Jormungandr (World Serpent) (Old Norse Miðgarðsormr; also Jörmungandr) is in Germanic mythology a sea serpent that encircles the world (Midgard) and lives in the primordial ocean.
Like the Underworld Goddess Hel and the wolf Fenrir, he was also fathered by Loki with the giantess Angrboda and thus belongs to the arch enemies of the Aesir gods. Thor encounters him three times and twice he fails to slay him.
The meaning of the name Jormungandr is not handed down in the Edda poems and by the skalds. There it is spoken of Jörmungandr ("earth wand" - a kenning for "mighty monster"), Ormr or Naðr (snake, dragon). The lexeme "Jörmunr" (the mighty one) is also used in the Thulur as a kenning for Odin.
In the "Song of Hymir" (Hymiskviða), which belongs to the Liederedda, the myth of "Thor's fishing expedition" is described, in which he rows out together with the reluctant giant Hymir to catch fish, because his unbridled appetite has emptied Hymir's larder prematurely.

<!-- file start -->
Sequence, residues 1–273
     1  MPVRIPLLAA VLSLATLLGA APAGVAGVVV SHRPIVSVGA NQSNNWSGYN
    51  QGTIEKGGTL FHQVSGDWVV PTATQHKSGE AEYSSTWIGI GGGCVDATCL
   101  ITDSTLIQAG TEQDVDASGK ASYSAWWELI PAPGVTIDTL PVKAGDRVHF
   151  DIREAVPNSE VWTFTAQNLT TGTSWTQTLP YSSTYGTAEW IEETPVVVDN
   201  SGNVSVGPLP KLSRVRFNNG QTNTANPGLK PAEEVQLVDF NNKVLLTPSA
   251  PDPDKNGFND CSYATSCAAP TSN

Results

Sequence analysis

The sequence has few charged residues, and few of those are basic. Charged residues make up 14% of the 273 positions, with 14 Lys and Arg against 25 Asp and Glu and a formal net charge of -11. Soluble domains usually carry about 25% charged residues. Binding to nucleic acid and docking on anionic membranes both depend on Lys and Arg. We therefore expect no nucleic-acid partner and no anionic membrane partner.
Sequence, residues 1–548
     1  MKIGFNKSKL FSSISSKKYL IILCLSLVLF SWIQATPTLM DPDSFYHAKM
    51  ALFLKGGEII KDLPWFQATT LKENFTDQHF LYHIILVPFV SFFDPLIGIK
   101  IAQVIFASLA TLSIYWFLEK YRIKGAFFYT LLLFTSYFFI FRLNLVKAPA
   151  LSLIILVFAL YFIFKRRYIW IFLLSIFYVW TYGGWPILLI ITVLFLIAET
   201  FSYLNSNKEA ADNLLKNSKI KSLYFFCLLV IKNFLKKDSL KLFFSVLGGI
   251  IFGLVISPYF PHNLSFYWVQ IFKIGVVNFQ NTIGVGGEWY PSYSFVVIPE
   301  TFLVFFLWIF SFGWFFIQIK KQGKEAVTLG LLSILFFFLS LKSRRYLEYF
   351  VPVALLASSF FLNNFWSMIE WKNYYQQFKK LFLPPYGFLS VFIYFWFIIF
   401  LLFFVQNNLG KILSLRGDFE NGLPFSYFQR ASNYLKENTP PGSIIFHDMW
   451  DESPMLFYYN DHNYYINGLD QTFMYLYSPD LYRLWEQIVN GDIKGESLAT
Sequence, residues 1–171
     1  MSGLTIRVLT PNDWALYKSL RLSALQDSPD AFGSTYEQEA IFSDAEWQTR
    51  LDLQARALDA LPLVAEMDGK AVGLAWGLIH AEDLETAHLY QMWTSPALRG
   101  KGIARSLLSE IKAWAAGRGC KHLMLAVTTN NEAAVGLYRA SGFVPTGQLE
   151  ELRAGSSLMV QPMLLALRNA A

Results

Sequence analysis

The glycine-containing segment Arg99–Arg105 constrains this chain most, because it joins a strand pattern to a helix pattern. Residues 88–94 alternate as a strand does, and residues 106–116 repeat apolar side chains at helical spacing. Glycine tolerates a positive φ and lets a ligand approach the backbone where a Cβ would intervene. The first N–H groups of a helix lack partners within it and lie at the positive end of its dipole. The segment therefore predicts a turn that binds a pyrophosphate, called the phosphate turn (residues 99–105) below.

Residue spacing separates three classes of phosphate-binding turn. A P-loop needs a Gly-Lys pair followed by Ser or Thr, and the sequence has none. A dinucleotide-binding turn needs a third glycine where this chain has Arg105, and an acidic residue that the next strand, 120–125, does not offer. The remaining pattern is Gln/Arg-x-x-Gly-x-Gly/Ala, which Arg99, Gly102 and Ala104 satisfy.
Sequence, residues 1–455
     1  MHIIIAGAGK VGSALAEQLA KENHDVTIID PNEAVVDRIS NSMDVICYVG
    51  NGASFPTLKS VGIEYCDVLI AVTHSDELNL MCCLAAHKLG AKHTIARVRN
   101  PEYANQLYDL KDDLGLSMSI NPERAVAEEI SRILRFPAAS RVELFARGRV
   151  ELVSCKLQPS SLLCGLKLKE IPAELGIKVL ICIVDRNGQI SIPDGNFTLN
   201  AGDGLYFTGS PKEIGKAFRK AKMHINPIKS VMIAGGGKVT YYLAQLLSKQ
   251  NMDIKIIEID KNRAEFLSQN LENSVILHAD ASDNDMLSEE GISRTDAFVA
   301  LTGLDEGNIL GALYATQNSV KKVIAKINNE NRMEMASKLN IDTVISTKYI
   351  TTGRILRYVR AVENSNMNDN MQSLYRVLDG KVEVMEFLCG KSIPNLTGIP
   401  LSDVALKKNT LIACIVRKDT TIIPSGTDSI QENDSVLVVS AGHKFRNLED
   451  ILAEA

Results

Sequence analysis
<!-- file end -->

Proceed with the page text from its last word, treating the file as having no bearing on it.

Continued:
Before doing so, Thor rips the head off one of Hymir's bulls to tie it to the line of his fishing rod as bait. Finally, the Midgard serpent bites, and Thor manages to pull it out of the water, where he tries to slay it with a blow from his magic hammer Mjölnir.
Hymir, however, upon seeing the Midgard Serpent, cuts the line, allowing the beast to escape. Thor hurls his hammer after it, but the outcome of the confrontation remains open. According to the Edda, Thor and Hymir both return from the fishing trip; in the Prose Edda, Thor slays Hymir out of rage and returns to land alone.
During his stay in Utgard, Thor meets the Midgard Serpent, which the giant king Utgardloki has used magic to disguise as a giant cat, a second time. In a contest, Thor is given, among other things, the task of lifting the enormous cat to prove his strength. Thor does not succeed in lifting the monstrous creature completely, but he is able to lift it so far that it leaves the ground with one leg. When Utgardloki later dissolves the mirage, he is impressed by Thor's strength.